1. Unitize and customize
IIEF develops exterior-cladding systems for all markets: residential, commercial, health care, public and private education, hotels and casinos, sports facilities, student housing, and mixed-use developments. Because each project varies significantly, the company relies on the strength of its engineering and design-development departments to provide high-quality, cost-effective, customized solutions that make use of prefabricated or unitized assemblies and technology. The firm tailors its standardized offerings to clients’ individual needs and thus serves as a sole-source provider for entire building envelopes.
“Projects may look wildly different, but the methodology is always the same,” managing partner Ed Harms says. “We come to the table with a highly engineered, hand-tailored system that delivers the architectural intent as well as the clients’ specific performance requirements.”
2. Know that looks matter
In designing the optimal exterior-cladding system, IIEF’s engineers weigh project needs including strength, structural load requirements, insulating value, and maintenance. And while prefabrication and unitization are cost-effective means that translate to savings, the firm doesn’t believe that budget-conscious clients should have to sacrifice aesthetic appeal either.
Via Verde (left), a 222-unit, subsidized housing development in New York City’s South Bronx, stands out for its dynamic exterior. The structure is anchored by a 20-story tower on one end, and terraces along the graduated façade are punctuated by IIEF’s multicolored, multipaneled rain-screen system, which was preassembled in 25- to 35-foot-long sections and made up of warm-toned wood, matte-fiber cement, and silvery aluminum composite. The complex, which was built to achieve LEED Gold certification, celebrated its grand opening in June 2012.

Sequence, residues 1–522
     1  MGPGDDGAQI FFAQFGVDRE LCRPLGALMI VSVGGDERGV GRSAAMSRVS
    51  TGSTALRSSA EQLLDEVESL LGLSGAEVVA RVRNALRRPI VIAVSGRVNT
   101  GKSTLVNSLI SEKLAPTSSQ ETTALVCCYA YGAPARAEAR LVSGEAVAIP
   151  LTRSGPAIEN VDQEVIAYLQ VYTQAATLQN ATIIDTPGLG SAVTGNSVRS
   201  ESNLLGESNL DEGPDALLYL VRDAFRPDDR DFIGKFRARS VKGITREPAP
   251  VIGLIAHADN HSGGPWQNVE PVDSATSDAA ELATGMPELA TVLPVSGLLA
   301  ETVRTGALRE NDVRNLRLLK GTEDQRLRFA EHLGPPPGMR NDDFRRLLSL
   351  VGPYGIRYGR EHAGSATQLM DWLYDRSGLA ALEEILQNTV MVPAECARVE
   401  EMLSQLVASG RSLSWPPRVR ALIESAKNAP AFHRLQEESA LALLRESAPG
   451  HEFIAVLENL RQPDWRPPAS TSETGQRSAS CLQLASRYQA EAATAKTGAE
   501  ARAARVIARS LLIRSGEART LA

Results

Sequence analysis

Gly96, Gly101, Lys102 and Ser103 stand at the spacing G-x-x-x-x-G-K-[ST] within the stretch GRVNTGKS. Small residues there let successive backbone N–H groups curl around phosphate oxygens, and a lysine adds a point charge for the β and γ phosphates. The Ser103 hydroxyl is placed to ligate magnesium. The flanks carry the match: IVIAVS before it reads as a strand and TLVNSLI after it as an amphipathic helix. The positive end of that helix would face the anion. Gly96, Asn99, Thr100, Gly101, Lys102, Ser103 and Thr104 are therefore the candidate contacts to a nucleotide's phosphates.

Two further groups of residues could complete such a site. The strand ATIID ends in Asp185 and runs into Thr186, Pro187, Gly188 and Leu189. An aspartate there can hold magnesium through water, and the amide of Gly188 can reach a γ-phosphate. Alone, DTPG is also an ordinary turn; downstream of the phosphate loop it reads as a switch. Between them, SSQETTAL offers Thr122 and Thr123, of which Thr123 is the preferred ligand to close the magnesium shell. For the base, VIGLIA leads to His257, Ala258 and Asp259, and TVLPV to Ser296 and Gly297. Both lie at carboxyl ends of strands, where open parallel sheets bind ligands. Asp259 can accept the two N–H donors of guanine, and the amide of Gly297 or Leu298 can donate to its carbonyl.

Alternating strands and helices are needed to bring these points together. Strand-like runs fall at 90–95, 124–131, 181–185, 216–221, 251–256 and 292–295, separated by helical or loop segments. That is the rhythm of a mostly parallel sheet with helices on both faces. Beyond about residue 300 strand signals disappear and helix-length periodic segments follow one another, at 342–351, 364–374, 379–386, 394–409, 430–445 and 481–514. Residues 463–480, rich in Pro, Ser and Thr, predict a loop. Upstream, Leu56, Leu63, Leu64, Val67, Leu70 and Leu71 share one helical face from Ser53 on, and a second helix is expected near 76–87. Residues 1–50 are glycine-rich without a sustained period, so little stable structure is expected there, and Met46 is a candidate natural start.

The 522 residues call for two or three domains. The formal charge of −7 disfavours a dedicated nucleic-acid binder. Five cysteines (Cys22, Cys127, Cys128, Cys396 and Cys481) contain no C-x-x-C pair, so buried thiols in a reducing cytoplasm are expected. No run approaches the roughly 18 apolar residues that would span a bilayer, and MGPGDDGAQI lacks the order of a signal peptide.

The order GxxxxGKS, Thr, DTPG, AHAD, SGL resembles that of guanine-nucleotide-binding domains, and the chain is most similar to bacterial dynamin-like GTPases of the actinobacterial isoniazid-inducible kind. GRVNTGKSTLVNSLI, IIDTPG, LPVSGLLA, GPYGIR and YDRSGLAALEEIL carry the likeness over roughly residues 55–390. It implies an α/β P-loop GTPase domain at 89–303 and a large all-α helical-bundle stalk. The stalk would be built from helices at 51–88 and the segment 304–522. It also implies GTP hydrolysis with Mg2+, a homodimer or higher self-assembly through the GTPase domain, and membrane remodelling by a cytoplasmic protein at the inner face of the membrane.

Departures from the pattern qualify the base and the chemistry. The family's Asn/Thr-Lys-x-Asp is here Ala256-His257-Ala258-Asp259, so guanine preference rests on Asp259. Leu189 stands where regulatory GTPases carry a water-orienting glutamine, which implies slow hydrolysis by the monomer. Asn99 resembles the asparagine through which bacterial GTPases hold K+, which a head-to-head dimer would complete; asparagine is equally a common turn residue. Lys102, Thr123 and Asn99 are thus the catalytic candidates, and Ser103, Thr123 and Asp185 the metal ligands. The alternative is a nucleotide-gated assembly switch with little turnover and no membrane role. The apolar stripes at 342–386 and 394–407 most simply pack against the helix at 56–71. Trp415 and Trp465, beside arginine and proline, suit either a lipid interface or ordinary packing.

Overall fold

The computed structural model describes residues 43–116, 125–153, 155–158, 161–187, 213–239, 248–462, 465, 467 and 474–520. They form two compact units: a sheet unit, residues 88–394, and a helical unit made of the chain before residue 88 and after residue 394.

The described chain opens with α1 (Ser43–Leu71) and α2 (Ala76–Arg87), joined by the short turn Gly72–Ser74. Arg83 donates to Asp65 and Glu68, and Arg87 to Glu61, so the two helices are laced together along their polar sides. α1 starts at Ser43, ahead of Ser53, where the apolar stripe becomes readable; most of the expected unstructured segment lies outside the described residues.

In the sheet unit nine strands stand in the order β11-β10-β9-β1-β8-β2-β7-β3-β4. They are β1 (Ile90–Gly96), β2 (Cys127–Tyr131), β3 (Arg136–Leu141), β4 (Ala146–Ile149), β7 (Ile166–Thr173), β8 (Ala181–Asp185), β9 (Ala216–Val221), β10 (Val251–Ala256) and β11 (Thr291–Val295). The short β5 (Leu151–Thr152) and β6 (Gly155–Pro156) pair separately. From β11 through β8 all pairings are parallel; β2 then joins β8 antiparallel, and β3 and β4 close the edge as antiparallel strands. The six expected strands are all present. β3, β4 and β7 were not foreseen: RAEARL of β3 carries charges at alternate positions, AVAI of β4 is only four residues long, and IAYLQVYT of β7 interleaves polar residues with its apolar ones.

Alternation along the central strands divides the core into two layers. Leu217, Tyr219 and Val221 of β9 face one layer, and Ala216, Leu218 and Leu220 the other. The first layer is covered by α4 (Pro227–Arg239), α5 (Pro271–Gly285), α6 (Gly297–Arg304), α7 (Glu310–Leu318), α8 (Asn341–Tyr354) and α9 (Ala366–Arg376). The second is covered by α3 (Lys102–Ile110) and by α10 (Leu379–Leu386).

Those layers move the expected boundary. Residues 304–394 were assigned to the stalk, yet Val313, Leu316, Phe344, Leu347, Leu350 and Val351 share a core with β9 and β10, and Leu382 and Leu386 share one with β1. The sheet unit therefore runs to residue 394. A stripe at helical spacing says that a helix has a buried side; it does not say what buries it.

3. Keep up with trends
“The principles of rain-screen design have become a mainstay,” Harms says. “Now we’re seeing that concept adopted in a variety of materials.” Designed to breathe, a rain screen has a two-leaf construction that creates a ventilated air space in the middle, which dries condensation in cold weather and cools the inner layers of the covered building in warm weather, thereby reducing energy demand. Rain screens in conventional materials such as stone and terra-cotta have stayed in demand, for good reason. But Harms has also noticed increased interest in natural metals. “We’re seeing more custom finishes on stainless steel,” he says. “Perforating and embossing have become more popular, and we’re seeing other metals like zinc, copper, and bronze, as well.”
4. Build indoors
Off-site fabrication and assembly (right) takes three to nine months per project. System components are manufactured within six large-volume clear-span structures, which used to be used by the US Navy and Grumman Aircraft Engineering and are situated on 30 acres of land in Calverton. The company keeps one of the site’s runways active to allow convenient visits from current and potential clients. IIEF’s facilities comprise more than 250,000 square feet of climate-controlled fabrication space, enabling the company to store all required project materials and operate in any weather.
IIEF’s Top 8 Most Popular Cladding Products
1. Brick and masonry (granite and limestone) materials might cost more up front, but they require virtually zero maintenance.
2. Metals are also readily used. Aluminum won’t rust, steel is celebrated for its industrial strength, and copper offers a desirable aesthetic appeal, corroding over time from bright, shiny orange to light green.
3. Terra-cotta, one of the oldest building materials in the world, has emerged as an increasingly popular medium in rain-screen design. It’s beautiful on a façade, but it’s also natural, energy-efficient, and maintenance-free.